Route of the Americas
In Bolivia , a Life Point is a mobile tent located in a public place . Anyone can come and learn to prevent the risks of contracting non communicable diseases . The program began in La Paz and has spread to all nine departments of Bolivia . The initiative was started by a civic organization that has achieved to mobilize certain government sectors. The long queues in front of the tents speak of the warm reception that citizens have given to the project.
After hosting the sub-region first Health in All Policies (HiAP) training, the government of Suriname requested support from PAHO and immediately moved towards implementation of the HiAP approach for addressing the social determinants of health. A dedicated team has worked under the leadership of the Ministry of Health on the sub-region first Quick Assessment of Social Determinants of Health to understand the underlying causes of major health problems and associated health inequities. This participatory and intersectoral process lasting six months has left Suriname organized and motivated, with 8 areas of specific action. These will make sure that the responsibility of the health of the population is not only a matter for the Ministry of health, but shared with other sectors, including eight Ministries working closely with non -governmental and community organizations, the private sector, academia and the entire civil society. The experience started in 2015.
In Sao Paulo , Brazil, this initiative is born to face the dismantling of policies and build an environmental management with active community participation . It empowers environmental managers who work in coordination with health promotion . They train people , help them identify needs and develop projects in areas such as tree planting, water, solid waste, healthy food, and the revitalization of public spaces, among other projects. It is an example of intersectoral strength and community participation.
The CONSATUR experience in the Dominican Republic was born in 1998 motivated by the need to bring together two engines of national development: Tourism and Health of its inhabitants and of those who visit. They have gradually been shifting from specific coordination actions to consolidate a space of alliance seeking a common goal: to create favorable conditions for health of people and to foster tourism as an important economic activity. It is a good example of practices previous to the HiAP initiative, since back then it was incorporating already many of its criteria.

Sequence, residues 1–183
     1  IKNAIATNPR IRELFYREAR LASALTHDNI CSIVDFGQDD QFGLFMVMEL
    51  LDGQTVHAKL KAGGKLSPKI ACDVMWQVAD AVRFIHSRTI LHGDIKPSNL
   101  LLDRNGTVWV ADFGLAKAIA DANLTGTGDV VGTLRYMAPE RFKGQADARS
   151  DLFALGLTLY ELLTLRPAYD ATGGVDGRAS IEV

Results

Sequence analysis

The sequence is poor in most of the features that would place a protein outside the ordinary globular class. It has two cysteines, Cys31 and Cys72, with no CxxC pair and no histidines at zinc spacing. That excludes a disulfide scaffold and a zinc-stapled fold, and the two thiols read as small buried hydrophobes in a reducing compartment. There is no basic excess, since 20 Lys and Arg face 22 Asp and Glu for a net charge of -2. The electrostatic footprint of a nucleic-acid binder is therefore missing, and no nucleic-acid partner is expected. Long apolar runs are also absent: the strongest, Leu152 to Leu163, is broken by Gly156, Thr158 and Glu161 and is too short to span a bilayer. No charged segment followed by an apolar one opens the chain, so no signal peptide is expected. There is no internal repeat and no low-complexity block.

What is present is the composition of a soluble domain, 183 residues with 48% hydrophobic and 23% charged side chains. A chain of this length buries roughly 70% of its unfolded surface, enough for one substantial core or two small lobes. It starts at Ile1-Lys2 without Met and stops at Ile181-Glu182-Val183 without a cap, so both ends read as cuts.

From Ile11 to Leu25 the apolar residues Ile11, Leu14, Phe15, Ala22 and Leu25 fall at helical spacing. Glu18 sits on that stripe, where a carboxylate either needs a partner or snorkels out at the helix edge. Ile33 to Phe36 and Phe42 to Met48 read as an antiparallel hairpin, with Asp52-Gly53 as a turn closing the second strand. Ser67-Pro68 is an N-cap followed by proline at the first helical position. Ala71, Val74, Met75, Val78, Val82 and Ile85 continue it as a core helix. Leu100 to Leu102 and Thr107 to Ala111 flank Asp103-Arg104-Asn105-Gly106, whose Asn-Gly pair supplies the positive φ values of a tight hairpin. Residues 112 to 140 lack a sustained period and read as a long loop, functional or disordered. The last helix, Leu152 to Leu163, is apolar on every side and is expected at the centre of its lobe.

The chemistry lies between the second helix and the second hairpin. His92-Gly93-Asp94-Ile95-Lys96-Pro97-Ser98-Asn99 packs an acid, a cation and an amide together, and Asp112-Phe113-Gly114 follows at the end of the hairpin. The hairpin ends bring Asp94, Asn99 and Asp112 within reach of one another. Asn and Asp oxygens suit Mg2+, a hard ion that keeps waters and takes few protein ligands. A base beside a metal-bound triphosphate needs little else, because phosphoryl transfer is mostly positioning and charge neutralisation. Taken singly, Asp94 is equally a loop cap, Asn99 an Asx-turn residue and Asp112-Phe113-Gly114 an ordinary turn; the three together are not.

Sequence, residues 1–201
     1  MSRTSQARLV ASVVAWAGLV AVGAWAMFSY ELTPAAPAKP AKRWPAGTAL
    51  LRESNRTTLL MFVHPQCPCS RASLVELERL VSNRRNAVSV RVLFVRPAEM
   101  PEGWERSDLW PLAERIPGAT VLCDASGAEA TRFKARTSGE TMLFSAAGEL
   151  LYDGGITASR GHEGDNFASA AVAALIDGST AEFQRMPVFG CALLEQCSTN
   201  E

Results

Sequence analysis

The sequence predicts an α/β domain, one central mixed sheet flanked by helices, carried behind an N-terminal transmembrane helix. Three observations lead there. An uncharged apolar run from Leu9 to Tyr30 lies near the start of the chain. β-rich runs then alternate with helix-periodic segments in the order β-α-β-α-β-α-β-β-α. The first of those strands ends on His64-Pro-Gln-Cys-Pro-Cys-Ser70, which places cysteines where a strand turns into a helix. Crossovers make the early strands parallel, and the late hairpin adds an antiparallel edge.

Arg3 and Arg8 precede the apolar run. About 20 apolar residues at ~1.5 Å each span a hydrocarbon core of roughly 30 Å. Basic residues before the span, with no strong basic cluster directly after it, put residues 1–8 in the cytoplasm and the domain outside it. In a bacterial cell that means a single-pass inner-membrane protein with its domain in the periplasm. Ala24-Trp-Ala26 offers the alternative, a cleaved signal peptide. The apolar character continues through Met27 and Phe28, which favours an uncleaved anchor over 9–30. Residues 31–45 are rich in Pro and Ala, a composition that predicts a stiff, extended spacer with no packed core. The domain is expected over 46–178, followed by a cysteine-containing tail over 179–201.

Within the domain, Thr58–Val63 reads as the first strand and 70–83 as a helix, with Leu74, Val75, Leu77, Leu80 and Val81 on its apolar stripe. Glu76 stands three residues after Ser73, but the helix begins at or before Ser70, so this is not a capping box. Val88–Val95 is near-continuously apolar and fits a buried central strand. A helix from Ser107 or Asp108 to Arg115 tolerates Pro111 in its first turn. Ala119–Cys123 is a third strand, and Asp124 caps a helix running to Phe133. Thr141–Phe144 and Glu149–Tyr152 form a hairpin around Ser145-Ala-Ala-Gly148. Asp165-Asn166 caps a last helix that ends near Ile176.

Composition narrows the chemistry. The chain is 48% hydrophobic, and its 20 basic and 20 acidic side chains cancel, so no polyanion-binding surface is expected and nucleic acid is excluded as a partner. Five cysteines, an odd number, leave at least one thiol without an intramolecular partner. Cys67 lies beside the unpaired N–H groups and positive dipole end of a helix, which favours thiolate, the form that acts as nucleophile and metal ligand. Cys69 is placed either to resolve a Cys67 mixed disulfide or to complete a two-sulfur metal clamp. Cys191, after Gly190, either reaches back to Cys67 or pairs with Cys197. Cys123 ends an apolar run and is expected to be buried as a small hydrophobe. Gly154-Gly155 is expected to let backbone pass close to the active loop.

The Special Act to Regulate Tobacco in Honduras , has been active since 2011. This act regulates the production, distribution , marketing, import, consumption and advertising of tobacco. It was the result of an intense and intersectoral negotiation process to design it, promote it at the legislative level for its adoption as a policy, and subsequent coordination to familiarize citizens with it.
In 2012, Medellin set out to transform itself into a healthy city. It assessed its past, reevaluating the achievements and developments of previous administrations. It studied its present, joining efforts with the University of Antioquia, assessing the challenges and possibilities of a healthy model for the city. And the city began to build its vision by joining citizens, their organizations and the private sector. These efforts have allowed that in the recent four years the city has invested its resources and efforts to improve its surroundings where people can either gain or lose health by acting on key determinants such as the environment, employment, education, housing and poverty. Since then the Ministry of Health not only runs the programs it is responsible for, it also coordinates and supports all of the health generating structure of the city.